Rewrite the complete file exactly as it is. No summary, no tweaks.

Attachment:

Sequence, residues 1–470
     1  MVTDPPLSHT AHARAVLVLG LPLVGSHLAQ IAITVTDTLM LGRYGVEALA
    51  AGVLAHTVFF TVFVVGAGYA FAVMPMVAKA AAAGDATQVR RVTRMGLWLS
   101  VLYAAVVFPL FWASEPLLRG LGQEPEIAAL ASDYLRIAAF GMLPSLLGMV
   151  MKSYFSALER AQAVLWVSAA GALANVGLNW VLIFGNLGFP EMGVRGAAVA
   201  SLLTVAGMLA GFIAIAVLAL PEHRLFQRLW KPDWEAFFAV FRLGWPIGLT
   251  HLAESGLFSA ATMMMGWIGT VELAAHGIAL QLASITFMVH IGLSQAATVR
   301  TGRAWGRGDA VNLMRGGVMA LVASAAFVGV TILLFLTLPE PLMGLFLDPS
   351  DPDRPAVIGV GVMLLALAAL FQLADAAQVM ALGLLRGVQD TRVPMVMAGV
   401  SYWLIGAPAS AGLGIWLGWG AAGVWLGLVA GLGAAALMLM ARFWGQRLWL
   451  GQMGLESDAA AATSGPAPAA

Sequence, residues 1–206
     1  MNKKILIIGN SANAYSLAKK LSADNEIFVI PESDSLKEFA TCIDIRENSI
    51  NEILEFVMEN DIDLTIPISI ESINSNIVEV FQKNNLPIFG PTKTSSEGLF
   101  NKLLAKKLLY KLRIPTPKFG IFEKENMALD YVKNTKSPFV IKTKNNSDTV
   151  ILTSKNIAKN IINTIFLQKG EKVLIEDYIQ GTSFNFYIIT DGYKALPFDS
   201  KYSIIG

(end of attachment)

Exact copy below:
Sequence, residues 1–470
     1  MVTDPPLSHT AHARAVLVLG LPLVGSHLAQ IAITVTDTLM LGRYGVEALA
    51  AGVLAHTVFF TVFVVGAGYA FAVMPMVAKA AAAGDATQVR RVTRMGLWLS
   101  VLYAAVVFPL FWASEPLLRG LGQEPEIAAL ASDYLRIAAF GMLPSLLGMV
   151  MKSYFSALER AQAVLWVSAA GALANVGLNW VLIFGNLGFP EMGVRGAAVA
   201  SLLTVAGMLA GFIAIAVLAL PEHRLFQRLW KPDWEAFFAV FRLGWPIGLT
   251  HLAESGLFSA ATMMMGWIGT VELAAHGIAL QLASITFMVH IGLSQAATVR
   301  TGRAWGRGDA VNLMRGGVMA LVASAAFVGV TILLFLTLPE PLMGLFLDPS
   351  DPDRPAVIGV GVMLLALAAL FQLADAAQVM ALGLLRGVQD TRVPMVMAGV
   401  SYWLIGAPAS AGLGIWLGWG AAGVWLGLVA GLGAAALMLM ARFWGQRLWL
   451  GQMGLESDAA AATSGPAPAA

Sequence, residues 1–206
     1  MNKKILIIGN SANAYSLAKK LSADNEIFVI PESDSLKEFA TCIDIRENSI
    51  NEILEFVMEN DIDLTIPISI ESINSNIVEV FQKNNLPIFG PTKTSSEGLF
   101  NKLLAKKLLY KLRIPTPKFG IFEKENMALD YVKNTKSPFV IKTKNNSDTV
   151  ILTSKNIAKN IINTIFLQKG EKVLIEDYIQ GTSFNFYIIT DGYKALPFDS
   201  KYSIIG